27/05/2008 (Bernama), Dubai - A palm oil trade fair began here Monday as Malaysia moves to sustain and enhance its palm oil trade with Middle East countries, with the Malaysian Palm Oil Council (MPOC) projecting the Southeast Asian country's palm oil exports to the United Arab Emirates (UAE) to hit 400,000 metric tonnes this year.
In his keynote address at the inaugural Malaysia-UAE Palm Oil Trade Fair and Seminar (POTS) Dubai 2008, MPOC chairman Datuk Seri Lee Oi Hian highlighted the fact that the Middle East is a very important market for Malaysian palm oil, the region being one of the world's largest vegetable oil consumers.
"It requires some 10 million tonnes of oils and fats annually, of which eight million tonnes or 80 percent are imported. The UAE, Iran, Turkey and Egypt rank top among the major importers of oils and fats in the region," he said.
In addition, Lee said, the UAE has shown steady demand for Malaysian palm oil, importing more than 350,000 tonnes, with 75 percent being palm olein, in 2007 and re-exporting between 80 and 85 percent of its palm oil imports to neighbouring countries and beyond.
"It could serve as a strong partner and play an important role in developing and enhancing trade among the Gulf Cooperation Council (GCC) and other Islamic countries," was how he viewed the wealthy Gulf nation of four million people.
The 400,000 tonnes projection was mentioned by MPOC chief executive officer Tan Sri Dr Yusof Basiron at a press conference following the opening of POTS Dubai organised by the MPOC and Malaysian Palm Oil Board (MPOB), themed "Exceeding Expectations, Enriching Partnerships".
Lee said Malaysia exported 13.8 million tonnes of palm oil to the world last year, accounting for 50 percent of world palm oil exports and 25 percent of the global oils and fats trade.
Although competition continues to be an important feature of the trade, there are opportunities ahead for all involved in the business to forge partnerships and closer relations, he said.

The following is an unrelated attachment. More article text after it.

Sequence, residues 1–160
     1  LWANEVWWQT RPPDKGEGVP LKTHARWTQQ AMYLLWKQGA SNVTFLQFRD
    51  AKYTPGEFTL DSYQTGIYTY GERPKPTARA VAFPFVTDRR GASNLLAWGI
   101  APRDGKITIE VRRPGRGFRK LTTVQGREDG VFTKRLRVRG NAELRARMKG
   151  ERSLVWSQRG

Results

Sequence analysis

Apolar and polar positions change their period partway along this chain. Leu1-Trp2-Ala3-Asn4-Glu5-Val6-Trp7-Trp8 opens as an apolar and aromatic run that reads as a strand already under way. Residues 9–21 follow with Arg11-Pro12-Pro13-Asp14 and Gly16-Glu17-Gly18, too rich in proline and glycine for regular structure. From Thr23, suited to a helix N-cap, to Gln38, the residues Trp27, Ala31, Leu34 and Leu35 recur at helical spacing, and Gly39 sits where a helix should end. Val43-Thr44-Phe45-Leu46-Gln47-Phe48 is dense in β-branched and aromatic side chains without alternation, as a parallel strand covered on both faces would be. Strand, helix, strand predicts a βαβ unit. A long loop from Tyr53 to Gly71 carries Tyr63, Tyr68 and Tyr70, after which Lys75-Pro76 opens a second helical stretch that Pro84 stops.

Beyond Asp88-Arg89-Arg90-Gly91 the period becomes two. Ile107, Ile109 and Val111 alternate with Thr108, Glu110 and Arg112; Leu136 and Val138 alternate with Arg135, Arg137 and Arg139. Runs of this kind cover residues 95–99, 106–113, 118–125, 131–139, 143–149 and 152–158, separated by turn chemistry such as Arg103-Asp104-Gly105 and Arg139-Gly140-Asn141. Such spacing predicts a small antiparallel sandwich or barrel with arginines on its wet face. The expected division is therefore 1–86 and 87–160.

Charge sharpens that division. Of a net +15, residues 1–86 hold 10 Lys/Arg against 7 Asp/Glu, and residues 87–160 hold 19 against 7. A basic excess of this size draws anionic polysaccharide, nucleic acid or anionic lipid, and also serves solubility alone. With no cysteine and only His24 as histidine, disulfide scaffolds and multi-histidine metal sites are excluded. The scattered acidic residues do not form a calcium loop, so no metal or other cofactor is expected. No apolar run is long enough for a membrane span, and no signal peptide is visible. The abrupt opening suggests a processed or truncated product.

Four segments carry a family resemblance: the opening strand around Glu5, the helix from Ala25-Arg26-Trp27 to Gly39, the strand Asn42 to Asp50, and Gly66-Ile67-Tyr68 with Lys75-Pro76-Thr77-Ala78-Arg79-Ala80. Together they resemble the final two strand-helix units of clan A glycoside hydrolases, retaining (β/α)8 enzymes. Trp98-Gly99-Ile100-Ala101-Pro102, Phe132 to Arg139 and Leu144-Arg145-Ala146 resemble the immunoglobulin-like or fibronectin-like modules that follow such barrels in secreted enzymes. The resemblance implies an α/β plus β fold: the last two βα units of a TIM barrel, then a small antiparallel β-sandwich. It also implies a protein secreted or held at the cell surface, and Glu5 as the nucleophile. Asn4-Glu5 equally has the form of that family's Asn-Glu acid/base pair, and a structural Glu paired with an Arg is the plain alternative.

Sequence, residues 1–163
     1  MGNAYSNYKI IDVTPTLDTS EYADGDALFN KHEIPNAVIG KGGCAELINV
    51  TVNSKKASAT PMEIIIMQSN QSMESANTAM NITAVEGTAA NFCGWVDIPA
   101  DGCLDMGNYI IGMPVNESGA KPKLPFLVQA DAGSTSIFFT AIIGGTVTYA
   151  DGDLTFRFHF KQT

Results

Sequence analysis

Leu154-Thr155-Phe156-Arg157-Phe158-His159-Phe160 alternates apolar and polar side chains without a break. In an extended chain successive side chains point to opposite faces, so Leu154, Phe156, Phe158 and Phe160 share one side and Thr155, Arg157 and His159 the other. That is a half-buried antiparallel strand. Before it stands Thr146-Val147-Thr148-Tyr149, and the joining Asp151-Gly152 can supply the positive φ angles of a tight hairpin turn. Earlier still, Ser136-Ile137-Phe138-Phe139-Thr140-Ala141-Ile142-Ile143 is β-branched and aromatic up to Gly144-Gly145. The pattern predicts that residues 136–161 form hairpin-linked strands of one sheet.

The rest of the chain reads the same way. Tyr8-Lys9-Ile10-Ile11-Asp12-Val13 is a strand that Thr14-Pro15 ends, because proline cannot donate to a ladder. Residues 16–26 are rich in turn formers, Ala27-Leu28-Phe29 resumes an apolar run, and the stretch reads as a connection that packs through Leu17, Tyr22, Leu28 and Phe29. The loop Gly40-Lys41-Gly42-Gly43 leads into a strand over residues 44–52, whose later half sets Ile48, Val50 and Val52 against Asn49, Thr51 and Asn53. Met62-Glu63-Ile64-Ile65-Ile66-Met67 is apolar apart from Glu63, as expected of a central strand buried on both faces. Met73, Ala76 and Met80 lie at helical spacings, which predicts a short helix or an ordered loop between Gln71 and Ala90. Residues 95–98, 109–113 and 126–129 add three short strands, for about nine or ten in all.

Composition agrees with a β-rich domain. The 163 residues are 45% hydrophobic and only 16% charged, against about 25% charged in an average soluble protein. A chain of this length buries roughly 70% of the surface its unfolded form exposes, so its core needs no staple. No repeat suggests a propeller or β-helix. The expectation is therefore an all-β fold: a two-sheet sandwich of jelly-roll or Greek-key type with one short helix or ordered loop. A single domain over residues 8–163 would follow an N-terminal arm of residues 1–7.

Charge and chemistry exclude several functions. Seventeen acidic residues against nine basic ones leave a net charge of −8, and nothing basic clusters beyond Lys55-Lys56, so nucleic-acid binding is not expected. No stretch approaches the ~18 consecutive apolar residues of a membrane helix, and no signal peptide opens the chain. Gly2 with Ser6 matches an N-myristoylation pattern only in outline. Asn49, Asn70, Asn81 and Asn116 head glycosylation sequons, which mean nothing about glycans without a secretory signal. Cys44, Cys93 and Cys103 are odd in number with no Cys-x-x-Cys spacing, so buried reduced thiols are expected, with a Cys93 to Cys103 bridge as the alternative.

"Above all, there is an even greater need for all the producers of oils and fats to work together to meet the insatiable and increasingly sophisticated demand of the world's consumers," he added.
Lee said many world renowned companies have come to Malaysia to establish joint ventures not only due to the availability of raw materials such as palm oil and palm kernel oil, but also because the country offered the right policies to help in the growth of the palm oil downstream sector.
The MPOC chairman, however, cautioned that the global business for edible oils will have to come to terms with many more challenges in the years to come, citing the example of how environmental concerns are fast turning into a trade issue.
He drew the attention of the audience to the situation where the failure of a campaign to discredit palm oil based on health issues has now shifted to one that is based on environmental grounds.
"Allow me this opportunity to assure you that the Malaysian palm oil industry has always adopted responsible agricultural practices and sustainable development will remain on our agenda," he said.
The Malaysian government, he added, has also set up the Malaysian Palm Oil Wildlife Conservation Fund as part of the efforts taken by the Malaysian palm oil fraternity to ensure that the palm oil sector is developed in an organised manner without endangering wildlife.
Present at the opening of POTS Dubai were Dubai Chamber director-general Hammad Buamim, Malaysian consul general in Dubai Syed Mohamad Hasrin Tengku Hussin, MPOB director-general Datuk Dr Mohamad Basri Wahid, Dr Yusof and MPOC regional director for Middle East Ahmad Zafri Zawawi.